Collectible cars’ quest and the scam speculations: the Jack Koobs de Hartog’s fraud case
There is no man on Earth that wouldn’t dream to have a garage full of old collectible cars and many are the ones that would do anything to have one rare model in their collection. Indeed, the market of collectibles has been rising and becoming noticeably valuable despite the 2008 crisis. As a recent study conducted by the classic car magazine Hagerty stated, the price of Post War cars like BMWs and Mercedes almost tripled from 2010. One of the most striking examples is the value of 1955 Mercedes 300SL Gullwing which has seen its price to grow 110% since 2010 for an equivalent selling value of $2,530,000 during August 2014. Needless to say that this new hype is not something exclusively related to German brands. Ferrari is also riding the wave of the moment and its cars demand is on fire reaching incredible market values.
Explaining the reason behind this unforeseeable market growth is not an easy task. The analyst of Hagerty magazine, Dave Kinney, believes that there is an economic bubble on the run and this golden speculative period for Post Wars classic cars is not meant to last forever. Giving an estimate of how long this positive trend will last isn’t easy and no one has yet been able to give a firm answer.
Collecting oldies is not the only new ongoing trend in the industry. Exotic cars’ rental is another fast-growing business attracting the attention of many car lovers. For people that are not acquainted with the topic, it is worth to spend a couple of lines to explain the difference between exotic and luxury cars. Indeed, this last category refers to high-end fully equipped vehicles like Mercedes’ and BMWs’ cars; while the fast, finely designed and hyper-technological cars are the ones belonging to the exotic category. Lamborghini, Bugatti, and Ferrari, surely enough is part of it and make their strong statement on the market. However, renting one of these super machines is definitely not comparable to the rental a city car, both in terms of prices and of riding experience.
Noah Lehmann-Haupt, founder and president of Gotham Dream Cars in New York City, explains the numerous parameters involved in the determination of the rental price definition. Among them, the ones with the highest impact are represented by the acquisition costs, the vehicle depreciation’s speed and the other rental companies’ prices around the country. “The very rough rule of thumb,” Lehmann-Haupt says, “is that the daily rental is 1 percent of the value of the car. Using that as a base, the price is modified based on demand, prestige and public perception.” Location is surely an important variable in the rental performance of a certain brand of exotic cars. Each place has a brand that is more on demand than others as the target market of this business is mainly made of people that can’t afford to have a supercar like this but that rightfully dreams of experiencing the thrill of riding one of those during their life.
Becoming a car rental agency for exotic cars is definitely not fast and easy. Aspiring business owners are constantly subjected to financial controls in order to validate the leasing plans and this is just the first step before starting. Once the business license is conceded, rental agencies have to pursue quite rigid safety rules in order to ensure the rental to reputable clients. Among the extra special requirements asked before the driving experience, there are insurance policies, criminal background checks, driving record checks, fingerprint registering and running a credit check with security deposits that vary from $1,500 to $10,000.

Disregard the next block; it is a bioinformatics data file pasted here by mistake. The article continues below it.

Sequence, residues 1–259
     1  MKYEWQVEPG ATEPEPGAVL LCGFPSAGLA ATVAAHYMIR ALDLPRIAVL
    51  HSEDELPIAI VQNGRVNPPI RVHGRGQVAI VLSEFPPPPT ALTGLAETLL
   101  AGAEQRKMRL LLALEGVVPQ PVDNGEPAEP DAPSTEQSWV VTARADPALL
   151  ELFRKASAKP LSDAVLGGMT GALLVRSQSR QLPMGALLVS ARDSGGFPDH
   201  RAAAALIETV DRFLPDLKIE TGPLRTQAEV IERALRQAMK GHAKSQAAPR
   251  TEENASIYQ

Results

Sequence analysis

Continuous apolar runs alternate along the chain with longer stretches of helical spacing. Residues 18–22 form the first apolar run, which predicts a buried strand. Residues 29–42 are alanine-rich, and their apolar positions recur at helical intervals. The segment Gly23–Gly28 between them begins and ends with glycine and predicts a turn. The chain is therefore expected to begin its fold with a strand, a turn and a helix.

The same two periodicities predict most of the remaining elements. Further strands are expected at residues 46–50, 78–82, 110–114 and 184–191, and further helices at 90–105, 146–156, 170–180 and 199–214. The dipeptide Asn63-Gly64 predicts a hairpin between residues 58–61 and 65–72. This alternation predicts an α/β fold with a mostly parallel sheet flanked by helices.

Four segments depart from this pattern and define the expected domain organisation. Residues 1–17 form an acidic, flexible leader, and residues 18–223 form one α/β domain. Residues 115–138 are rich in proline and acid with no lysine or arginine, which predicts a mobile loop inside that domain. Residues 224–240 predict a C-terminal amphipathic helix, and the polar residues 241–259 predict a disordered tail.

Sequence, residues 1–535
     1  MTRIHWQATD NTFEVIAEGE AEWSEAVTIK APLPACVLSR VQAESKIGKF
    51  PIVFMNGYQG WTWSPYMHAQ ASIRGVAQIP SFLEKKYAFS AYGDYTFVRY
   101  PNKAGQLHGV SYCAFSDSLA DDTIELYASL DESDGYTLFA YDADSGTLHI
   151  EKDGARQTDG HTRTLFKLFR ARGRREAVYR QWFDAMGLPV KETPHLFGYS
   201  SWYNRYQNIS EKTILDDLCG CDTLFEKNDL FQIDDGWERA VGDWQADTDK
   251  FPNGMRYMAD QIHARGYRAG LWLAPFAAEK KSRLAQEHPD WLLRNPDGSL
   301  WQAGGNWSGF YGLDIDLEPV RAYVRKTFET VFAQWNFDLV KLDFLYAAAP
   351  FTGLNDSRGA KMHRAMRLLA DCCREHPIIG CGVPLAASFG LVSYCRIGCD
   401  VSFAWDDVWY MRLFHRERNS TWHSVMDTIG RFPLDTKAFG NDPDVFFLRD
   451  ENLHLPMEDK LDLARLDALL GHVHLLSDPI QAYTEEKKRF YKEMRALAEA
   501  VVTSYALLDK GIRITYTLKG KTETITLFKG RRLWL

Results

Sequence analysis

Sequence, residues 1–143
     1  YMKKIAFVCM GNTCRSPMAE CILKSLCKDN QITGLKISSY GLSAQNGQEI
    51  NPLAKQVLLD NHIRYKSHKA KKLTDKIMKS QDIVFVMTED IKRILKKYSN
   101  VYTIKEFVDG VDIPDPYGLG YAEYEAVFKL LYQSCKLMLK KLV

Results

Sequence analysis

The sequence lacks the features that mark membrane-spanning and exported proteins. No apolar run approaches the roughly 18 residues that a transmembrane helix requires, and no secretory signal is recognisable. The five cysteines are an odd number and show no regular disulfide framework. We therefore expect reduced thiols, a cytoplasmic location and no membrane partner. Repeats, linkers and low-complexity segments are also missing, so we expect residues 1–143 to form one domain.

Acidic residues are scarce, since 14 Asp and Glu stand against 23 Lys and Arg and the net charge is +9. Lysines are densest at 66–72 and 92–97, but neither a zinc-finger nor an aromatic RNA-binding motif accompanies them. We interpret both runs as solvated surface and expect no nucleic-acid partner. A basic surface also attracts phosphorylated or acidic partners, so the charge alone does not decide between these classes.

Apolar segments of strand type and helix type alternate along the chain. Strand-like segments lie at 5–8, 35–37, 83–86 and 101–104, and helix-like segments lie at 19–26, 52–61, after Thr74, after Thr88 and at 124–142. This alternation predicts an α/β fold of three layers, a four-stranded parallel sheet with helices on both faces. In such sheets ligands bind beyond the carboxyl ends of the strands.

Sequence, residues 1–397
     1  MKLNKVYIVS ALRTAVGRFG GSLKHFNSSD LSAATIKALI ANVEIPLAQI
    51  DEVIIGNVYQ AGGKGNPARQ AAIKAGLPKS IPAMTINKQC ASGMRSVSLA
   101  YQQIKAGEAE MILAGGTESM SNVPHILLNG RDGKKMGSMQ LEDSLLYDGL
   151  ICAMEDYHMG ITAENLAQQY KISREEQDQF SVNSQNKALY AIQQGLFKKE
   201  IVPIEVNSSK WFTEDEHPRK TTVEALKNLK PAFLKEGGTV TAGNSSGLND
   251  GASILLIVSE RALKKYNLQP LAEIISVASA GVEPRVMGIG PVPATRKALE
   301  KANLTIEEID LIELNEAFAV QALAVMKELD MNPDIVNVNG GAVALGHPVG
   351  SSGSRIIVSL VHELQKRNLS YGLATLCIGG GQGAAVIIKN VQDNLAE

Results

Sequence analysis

As easily predictable, despite the glamor and the euphoria of driving collectibles or exotic cars, very few are the ones that can actually afford to buy one. However this small elite of lucky men is constantly looking for rarity pieces and, more often than we can suspect, they would be available to accept crazy deals in order to own the car model they were looking for. This kind of behavior leaves an evident opportunity gap for speculators and frauds around the world.
More often than we think old car collectors are subjected to scam situations. One famous case is the one of Jack Koobs de Hartog. Inside his book “BIZZARRINI LE MIE VETTURE, LA MIA VITA” Jack Koobs declared that his replica “Iso ASC Drogo/ vin BO 228” was actually an original Bizzarrini version. Given these premises, soon enough, Koobs de Hartog tried to sell the vehicle at a higher price than the actual market value. Due to some inexpert mistakes committed during the negotiation phase, like the unusual ways of dealing with the transaction and the eventual undervalued pricing attributed to the vehicle, the South African buyer became suspicious of the trustworthiness of the deal. After quick research, it didn’t take much time for Mr. Van Rensbourg, the buyer, to understand that he was about to be a victim of a scam and fraudulent transaction with fake expert Jack Koobs de Hartog. The latter is now under a South African police warrant stop for fraudulent behavior.
Reaching the conclusion, collectible cars are the secret dream object of every man and their charm will still attract many passionate people around the world for many years ahead. However, it is necessary to be aware of the possible threats people can run into before deciding to buy from private, not certified owners.